Businesses can cope with an increase in the cost of labour in a variety of ways, either singly or in conjunction:

  1. Fire workers,
  2. Reduce workers’ hours,
  3. Pass on the increased cost to their customers,
  4. Absorb the increased cost.

The main assumption in the argument that increasing minimum wage causes job losses is that businesses will opt solely for way #1. This is of course a faulty assumption. When businesses decide to reduce workers’ hours, its impact is registered neither in the unemployment rate nor in the participation rate. Taking those numbers at face value therefore leads us into a fool’s paradise.

If businesses choose to pass on the increased cost of labour to their customers, it would register as inflation. However, inflation is caused by the combined effects of a multiple factors, so isolating the impact of one single factor is rendered arduous.

To make matters more complicated, if businesses opt to reduce some workers’ hours while passing on some of the increased cost of labour to customer, the effect of reduced income of its workers on GDP offsets the opposite effect of increased spending of its customers on GDP, at least to a degree.

It is clear, therefore, that we must venture beyond the realm of macroeconomic data to refine our understanding of the effect of increased minimum wages on employment.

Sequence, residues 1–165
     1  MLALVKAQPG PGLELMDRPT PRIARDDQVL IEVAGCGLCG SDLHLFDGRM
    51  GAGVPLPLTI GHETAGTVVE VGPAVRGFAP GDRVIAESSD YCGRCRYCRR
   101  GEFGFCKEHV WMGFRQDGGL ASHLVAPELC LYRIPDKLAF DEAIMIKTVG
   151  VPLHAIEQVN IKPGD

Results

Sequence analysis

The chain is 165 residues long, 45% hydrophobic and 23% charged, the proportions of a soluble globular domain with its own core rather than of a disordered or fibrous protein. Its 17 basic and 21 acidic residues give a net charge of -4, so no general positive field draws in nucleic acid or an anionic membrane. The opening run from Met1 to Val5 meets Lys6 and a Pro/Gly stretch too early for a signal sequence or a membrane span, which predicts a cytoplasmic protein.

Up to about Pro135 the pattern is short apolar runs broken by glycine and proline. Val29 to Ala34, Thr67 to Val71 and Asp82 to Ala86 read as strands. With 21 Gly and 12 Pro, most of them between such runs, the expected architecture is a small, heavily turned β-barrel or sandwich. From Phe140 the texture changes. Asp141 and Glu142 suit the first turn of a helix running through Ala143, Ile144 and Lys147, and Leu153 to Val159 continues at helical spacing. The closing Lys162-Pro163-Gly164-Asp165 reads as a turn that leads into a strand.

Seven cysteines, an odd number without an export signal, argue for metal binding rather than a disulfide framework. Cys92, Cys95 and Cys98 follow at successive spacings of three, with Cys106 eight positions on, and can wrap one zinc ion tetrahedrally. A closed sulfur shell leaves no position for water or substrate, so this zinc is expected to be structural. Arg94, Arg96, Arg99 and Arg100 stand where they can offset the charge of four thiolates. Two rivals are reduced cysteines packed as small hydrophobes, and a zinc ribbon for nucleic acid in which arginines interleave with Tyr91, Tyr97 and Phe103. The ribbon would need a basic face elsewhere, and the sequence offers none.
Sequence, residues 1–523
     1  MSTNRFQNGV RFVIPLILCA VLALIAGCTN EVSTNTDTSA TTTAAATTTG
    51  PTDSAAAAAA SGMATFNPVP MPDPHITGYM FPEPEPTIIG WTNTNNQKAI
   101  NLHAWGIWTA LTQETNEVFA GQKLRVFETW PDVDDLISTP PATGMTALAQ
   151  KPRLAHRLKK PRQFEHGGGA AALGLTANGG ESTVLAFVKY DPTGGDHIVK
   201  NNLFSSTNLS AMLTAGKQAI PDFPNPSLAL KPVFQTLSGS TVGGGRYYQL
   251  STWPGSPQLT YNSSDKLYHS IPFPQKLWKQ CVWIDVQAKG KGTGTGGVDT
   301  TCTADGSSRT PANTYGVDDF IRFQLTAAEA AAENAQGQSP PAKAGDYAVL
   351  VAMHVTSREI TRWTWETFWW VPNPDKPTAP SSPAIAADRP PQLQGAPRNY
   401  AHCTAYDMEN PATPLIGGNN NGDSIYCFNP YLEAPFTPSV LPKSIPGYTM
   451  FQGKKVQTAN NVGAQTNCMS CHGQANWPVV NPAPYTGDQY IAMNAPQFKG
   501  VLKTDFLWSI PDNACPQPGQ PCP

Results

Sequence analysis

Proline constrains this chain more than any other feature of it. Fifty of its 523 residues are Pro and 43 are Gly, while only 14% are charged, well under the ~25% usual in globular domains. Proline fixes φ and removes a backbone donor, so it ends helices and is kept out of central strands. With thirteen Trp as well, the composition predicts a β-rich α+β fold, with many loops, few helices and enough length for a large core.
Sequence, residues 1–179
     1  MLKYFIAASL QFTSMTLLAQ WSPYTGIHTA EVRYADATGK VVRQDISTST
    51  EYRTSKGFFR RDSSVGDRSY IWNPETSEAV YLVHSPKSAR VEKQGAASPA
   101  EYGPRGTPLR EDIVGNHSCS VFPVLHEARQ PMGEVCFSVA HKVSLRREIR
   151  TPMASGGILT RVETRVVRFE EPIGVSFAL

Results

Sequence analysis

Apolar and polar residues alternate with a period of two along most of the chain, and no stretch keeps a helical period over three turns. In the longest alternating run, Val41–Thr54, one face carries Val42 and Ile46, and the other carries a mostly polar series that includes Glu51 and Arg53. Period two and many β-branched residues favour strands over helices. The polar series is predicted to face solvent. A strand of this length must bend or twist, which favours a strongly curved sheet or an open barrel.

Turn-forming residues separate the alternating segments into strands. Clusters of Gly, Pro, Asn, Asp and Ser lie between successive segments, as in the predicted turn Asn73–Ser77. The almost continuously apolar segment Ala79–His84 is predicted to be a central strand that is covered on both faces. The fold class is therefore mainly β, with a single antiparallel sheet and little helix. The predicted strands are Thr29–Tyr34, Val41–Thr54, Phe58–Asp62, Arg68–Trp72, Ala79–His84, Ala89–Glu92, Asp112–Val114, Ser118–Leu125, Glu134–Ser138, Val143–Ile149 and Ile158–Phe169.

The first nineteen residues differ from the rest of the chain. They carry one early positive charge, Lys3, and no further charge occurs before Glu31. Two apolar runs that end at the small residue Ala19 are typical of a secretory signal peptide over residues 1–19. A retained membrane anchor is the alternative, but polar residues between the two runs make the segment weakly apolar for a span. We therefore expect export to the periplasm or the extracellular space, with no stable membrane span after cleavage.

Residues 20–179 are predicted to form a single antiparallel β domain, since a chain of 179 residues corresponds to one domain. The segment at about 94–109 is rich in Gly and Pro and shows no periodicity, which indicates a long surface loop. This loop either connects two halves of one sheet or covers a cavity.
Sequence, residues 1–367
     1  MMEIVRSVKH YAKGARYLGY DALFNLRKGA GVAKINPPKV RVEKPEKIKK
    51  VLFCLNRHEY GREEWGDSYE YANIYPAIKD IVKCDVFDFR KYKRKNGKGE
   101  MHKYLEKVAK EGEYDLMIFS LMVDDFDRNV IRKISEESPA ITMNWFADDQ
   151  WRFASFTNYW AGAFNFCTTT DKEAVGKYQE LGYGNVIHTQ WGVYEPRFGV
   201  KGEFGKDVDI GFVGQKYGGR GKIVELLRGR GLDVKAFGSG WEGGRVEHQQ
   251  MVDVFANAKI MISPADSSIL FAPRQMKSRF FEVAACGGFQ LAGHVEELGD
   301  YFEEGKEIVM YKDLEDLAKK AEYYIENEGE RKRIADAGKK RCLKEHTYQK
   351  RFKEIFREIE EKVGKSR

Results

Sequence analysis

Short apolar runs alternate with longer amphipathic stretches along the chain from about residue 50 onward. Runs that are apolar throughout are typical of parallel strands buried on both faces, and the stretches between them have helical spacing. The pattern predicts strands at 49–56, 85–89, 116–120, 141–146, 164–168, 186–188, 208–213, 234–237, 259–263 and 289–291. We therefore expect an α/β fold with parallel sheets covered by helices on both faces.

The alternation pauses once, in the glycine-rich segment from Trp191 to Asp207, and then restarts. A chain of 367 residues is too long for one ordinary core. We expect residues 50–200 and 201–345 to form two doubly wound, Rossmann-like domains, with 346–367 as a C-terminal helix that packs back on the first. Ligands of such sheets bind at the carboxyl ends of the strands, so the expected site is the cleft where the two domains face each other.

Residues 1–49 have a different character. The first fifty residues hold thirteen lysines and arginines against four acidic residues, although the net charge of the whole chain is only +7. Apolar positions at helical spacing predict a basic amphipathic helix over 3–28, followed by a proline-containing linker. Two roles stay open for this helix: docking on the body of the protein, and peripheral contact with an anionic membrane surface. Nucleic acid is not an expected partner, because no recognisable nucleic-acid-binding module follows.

Where does this journey take us?


One obvious disadvantage of empirical data is that they collectively constitute a rear-view mirror. The level of employment in the future will obviously depend on the factors that emerge and/or exist in the future. But as Sir Arthur C. Clarke famously noted,

“It is difficult to predict, especially the future.”

(This saying has been variously attributed to different famous people, including Yogi Berra.)

Suffice to say that we are on uncertain grounds here. But one useful measure in this regard is the ‘hiring intentions’ of businesses. By juxtaposing the various increases in minimum wage with the hiring intentions of businesses over time, we can arrive at the correlation between the two. This would guide us in estimating the likely effect of the NDP’s proposed increase on the job market.

However, I was unable to locate any source that compiles historical data on this measure for Ontario or Canada; I could only find current reporting, such as this report in Financial Post from September 2021. It should be noted (as I am sure you have) that the report is from a period before the announcement by NDP, so its findings are inapplicable in our present context.

 I think what we need is an opinion poll of recruiters as to what their hiring intentions would be if the increased minimum wage as proposed by the Ontario NDP comes into effect.